Image via Greentea Design
Planning your dream kitchen but worried about your environmental footprint? It’s easy to introduce some eco-friendly elements. Some will even save you money and won’t sacrifice style. Indeed they elevate it.
Another Person’s Trash…
It starts before your demolition. After all one person’s trash is another’s treasure, so ask around – friends, family, neighbours, charitable organizations, salvage and secondhand shops – to see if anyone might be interested in what your getting rid of. From appliances to countertops, flooring planks and parts, sinks, cabinets, and tiles, divert as much as you can from the landfill, perhaps turning your refuse into an incredible gift. In some jurisdictions, Habitat for Humanity and like-minded charitable orgs can issue charitable tax receipts for these donations. If this seems like a lot of work and research on your end, then consider hiring a local green contractor (here’s a reputable one in Toronto) who will ensure your materials and components are reused, donated, and processed properly. These experts are a wonderful resource to guide you through eco-friendly choices that fit your function and style needs.
Beware of VOCs
Choose natural or zero-VOC or low-VOC paints. Image via Please Conserve
VOC stands for volatile organic compounds and these are the chemical substances that vaporize easily into air. It’s one reason the EPA has stated that indoor air generally is 2-5 times more polluted than outdoors. Paint, sealants, adhesives, the processing of particle and MDF boards, even expensive granite – gas off chemicals from formaldehyde to radon that have been linked to everything from asthma to cancer.
The good news is that there are lots of natural and low to zero VOC paints, primers and sealers now on the market. Do some research and talk to retailers about your options, especially if someone in your home suffers from asthma. Likewise talk to the retailers of your furniture and ask where the wood comes from and about their company’s sustainability guidelines.
If eco-friendliness is a priority for your renovations, choose sustainably harvested materials such as cork and bamboo where the trees and grasses respectively aren’t killed in harvesting (regrowth happens relatively quickly too, another plus). Recycled materials like glass, concrete, marmoleum and reclaimed wood are also good options but do ask about the processing as some treatments are more green than others. The design of these materials has come a long way in recent years and the market is full of stunning options.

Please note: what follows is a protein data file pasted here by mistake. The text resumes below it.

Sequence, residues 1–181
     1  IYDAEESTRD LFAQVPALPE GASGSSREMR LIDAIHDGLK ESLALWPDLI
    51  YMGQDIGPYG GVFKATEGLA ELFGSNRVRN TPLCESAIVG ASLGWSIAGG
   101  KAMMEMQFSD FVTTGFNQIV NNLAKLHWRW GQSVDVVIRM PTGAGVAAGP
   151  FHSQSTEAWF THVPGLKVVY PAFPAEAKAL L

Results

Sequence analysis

Bamboo flooring, via Build Direct
Cork flooring via Cork Flooring Pros
Recycled glass for countertops via Vetrazzo
Butcher block countertop made of bamboo via My Home Ideas
Choosing energy efficient appliances will save you a bundle on your electricity bills over their lifetime.
And better yet get a thermal energy map of your home done to locate particularly drafty places. In older homes, because of their placement in the house, kitchens are big culprits. Investing in eco-friendly insulation is well worth it. Your choices run from natural batts made from old denim, fire resistant recycled newsprint, and soy-based spray in foam insulation.
Reduce, Reuse, Recycle
Whether you repurpose old furniture, shop vintage, or seek out recycled and reclaimed products, using old furniture and materials is a wonderful way to add character, integrity, and beauty to your space. Think of the stories these pieces tell; and their age also attests to their strength to still be in use today.
Reclaimed Wood to create Floating Shelves via Apartment Therapy
Salvaged wood, recycled glass and GFRC concrete are just a few recycled products that can elevate a space with their beauty and character, harmonizing with many design schemes.
GFRC Countertop via Concrete Countertops
Greentea Design uses only reclaimed wood to build their kitchen cabinetry. Even their handles, hinges, and pulls are hand-forged from recycled iron.
Best of luck with your kitchen renovations!